Lieutenant Henry James Warre was a Royal Engineer who came to the Pacific Slopes, with his companion Lieutenant Mervin Vavasour, on a secret spying mission for the British Government. The Government wanted to know how the Oregon Territory could be protected against American interests. But did you know that Henry James Warre’s journal is available to all in Peel’s Prairie, Peel 239, Warre, Henry James (Sir) (1819-1898), Sketches in North America and the Oregon Territory [London?]: Dickinson & Co. . I stumbled across this by accident some time ago.
But you might wonder why Henry James Warre is so important to West of the Rocky Mountains history? It is because he was an artist, who drew images of many of the places he visited. In my first book, The Pathfinder, I used some of these images, and in my newly published book, The York Factory Express, I also do. A lot of them, in fact.
I am pleased to find that he wrote a journal of his voyages on the Pacific Slopes. I do, perhaps, wish I had found it earlier, but that is the way it is! Beginning at Red River, here is what he had to say of this expedition through the Rocky Mountains in summer 1846.
The Hudson’s Bay Company have several small forts or trading posts (built of wood and surrounded by strong palisading, having blockhouse armed with small cannon at the angles). We called at three of these posts, between Red River and the Rocky Mountains, in order to exchange our horses.
At each of these station large droves of horses are kept, concealed as much as possible from the Indians.
From fort Edmonton, on the Saskatchewan river, we took a more Southern course, through the heart of the Blackfoot country (our most formidable enemies) in order to reach a pass in the Rocky Mountains, which afforded the easiest and most practicable passage… We were often on the qui vive [on the alert, or lookout], from false alarms about hostile Indians, but by the precautions taken, we escaped without any actual encounter.
These two men — Warre, and Vavasour — travelled into the territory with Chief Factor Peter Skene Ogden in 1845. According to Ogden’s biography on Dictionary of Canadian Biography, “On his return to Canada in 1845 [from London], he [Ogden] accompanied two British army officers, Mervin Vavasour and Henry James Warre, on their secret surveying trip from Lachine, Lower Canada, to the Columbia.” Secret it might have been, but Ogden somehow knew that they were British spies. Warre’s journal continues:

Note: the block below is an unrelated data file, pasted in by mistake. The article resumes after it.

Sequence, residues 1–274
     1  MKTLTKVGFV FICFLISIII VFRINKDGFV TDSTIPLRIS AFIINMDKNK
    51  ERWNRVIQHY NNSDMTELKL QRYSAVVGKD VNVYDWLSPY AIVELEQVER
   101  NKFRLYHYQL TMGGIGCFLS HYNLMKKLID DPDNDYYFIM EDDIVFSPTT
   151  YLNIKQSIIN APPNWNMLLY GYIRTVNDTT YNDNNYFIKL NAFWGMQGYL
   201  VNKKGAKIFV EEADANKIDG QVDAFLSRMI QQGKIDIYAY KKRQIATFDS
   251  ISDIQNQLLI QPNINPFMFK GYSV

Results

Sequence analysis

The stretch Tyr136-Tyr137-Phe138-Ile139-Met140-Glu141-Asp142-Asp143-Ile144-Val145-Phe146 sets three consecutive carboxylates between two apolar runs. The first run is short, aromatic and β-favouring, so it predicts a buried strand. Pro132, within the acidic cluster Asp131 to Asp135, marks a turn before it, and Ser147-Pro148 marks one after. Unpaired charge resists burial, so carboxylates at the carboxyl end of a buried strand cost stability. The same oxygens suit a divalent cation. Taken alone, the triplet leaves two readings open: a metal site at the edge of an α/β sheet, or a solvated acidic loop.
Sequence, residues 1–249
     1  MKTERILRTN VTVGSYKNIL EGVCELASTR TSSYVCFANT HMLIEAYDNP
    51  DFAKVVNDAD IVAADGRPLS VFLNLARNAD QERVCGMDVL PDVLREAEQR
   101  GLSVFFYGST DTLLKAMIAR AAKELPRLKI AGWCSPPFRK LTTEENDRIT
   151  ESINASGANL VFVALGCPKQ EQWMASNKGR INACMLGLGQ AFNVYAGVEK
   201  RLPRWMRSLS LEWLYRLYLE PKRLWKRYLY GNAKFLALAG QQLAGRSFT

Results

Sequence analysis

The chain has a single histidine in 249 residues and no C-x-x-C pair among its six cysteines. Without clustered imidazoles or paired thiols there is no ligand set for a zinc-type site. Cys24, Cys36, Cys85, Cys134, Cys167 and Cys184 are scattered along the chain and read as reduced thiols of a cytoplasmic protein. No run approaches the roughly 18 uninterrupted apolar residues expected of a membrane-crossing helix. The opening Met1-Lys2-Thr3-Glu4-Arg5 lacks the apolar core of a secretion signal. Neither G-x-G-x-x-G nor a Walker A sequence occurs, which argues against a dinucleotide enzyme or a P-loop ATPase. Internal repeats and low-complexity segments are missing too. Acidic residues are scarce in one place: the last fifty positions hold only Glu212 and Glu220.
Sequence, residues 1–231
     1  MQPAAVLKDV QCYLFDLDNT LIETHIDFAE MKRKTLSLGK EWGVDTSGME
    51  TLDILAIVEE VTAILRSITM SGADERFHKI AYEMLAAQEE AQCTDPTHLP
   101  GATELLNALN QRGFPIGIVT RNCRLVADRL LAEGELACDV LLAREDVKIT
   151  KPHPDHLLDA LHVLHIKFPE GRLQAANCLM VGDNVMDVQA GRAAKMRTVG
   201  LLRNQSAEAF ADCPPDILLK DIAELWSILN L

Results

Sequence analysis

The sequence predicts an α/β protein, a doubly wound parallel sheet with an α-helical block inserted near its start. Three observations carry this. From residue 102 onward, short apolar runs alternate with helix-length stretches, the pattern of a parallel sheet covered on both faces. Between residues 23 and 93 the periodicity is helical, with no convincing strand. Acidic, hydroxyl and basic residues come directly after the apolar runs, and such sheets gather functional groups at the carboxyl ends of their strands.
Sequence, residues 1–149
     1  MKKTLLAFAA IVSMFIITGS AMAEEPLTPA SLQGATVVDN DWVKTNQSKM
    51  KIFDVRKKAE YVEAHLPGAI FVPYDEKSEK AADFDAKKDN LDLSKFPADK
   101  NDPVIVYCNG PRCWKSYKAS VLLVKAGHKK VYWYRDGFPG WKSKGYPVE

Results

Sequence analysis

On the morning of the third or fourth day after leaving fort Edmonton, our guide discovered that Indians were in our path, and as it is usual in the country to consider all as enemies till they prove friends, we galloped forward, leaving a few men to protect the baggage..
These First Nations people were travelling with their wives and families, and were not enemies. Unfortunately, unknown to the Royal Engineers and the HBC men, they were being followed by a party of Blackfoot Indians, who were hoping to attack. After the HBC men’s parlay with these friendly First Nations people, the Blackfoot found and attacked them instead, taking wives and children hostage and killing a number of the men. Henry James Warre’s journal continues:
Our passage over the magnificent range of lofty mountains was not accomplished without much difficulty, and at a fearful sacrifice of the noble animals that aided us in the transport…. We left fort Edmonton with sixty horses; on our arrival at fort Colville [Colvile], on the Columbia river, we had only twenty-seven, and several of these were so exhausted, they could not have continued many more days. The steepness of the mountain passes; the want of proper nourishment; the fearful falls that some of these animals sustained, rolling in some instances many hundred feet into the foaming torrent beneath, combined to cause this great loss…
They reached Fort Colvile, and from that place William James Warre’s “party descended the Columbia river in boats, to the Pacific Ocean, a distance of 700 miles, which we reached on the 25th August, having in less than four months traversed the whole continent of North America.” So they came downriver in the Fort Colvile boats, but not with the incoming York Factory Express, who would only reach Boat Encampment and Fort Colvile in early to mid-October. it was likely that no sooner did the boats return to Fort Colvile, than they would be sent upriver to Boat Encampment to pick up the incoming men in the York Factory Express.
Henry James Warre’s journal continues:
During the winter’s residence in the Oregon Territory and on the coast of the Pacific Ocean, we employed ourselves in visiting all the accessible parts of the country. Having obtained horses from the Hudson’s Bay Company, we crossed the forest and prairie land between the Columbia river and Puget’s Sound, to the North. Hiring canoes from the native tries, we coasted through this beautiful Inland sea, and traversed the straits of St. Juan de Fuca to Vancouver’s Island, on which the Hudson’s Bay Company have lately established a trading post, where their vessels which are annually dispatched from England with stores, &c. to carry on the trade with the Indians, will in future land their cargoes, and receive in return the valuable peltries.
This is Fort Victoria, of course, which had been established in 1843 on what they then called Camosun Harbour. It is also true that the London Ships were diverted to Victoria’s fine harbour, instead of being forced to cross the dangerous bar at the mouth of the Columbia River, and then work their way upriver a hundred miles to Fort Vancouver. From this date onward, Forts Vancouver and Nisqually would deliver their furs north to Fort Victoria, and they would get their trade goods delivered from Fort Victoria south to their two forts — an enormous change for Fort Vancouver! But from the beginning, this was Governor George Simpson’s plan, and this plan is what Chief Factor John McLoughlin, now-retired head man at Fort Vancouver, fought for so many years. But McLoughlin is gone, and Peter Skene Ogden is taking over his position — and Ogden has, of course, just arrived at Fort Vancouver with Mervin Vavasour and Henry James Warre.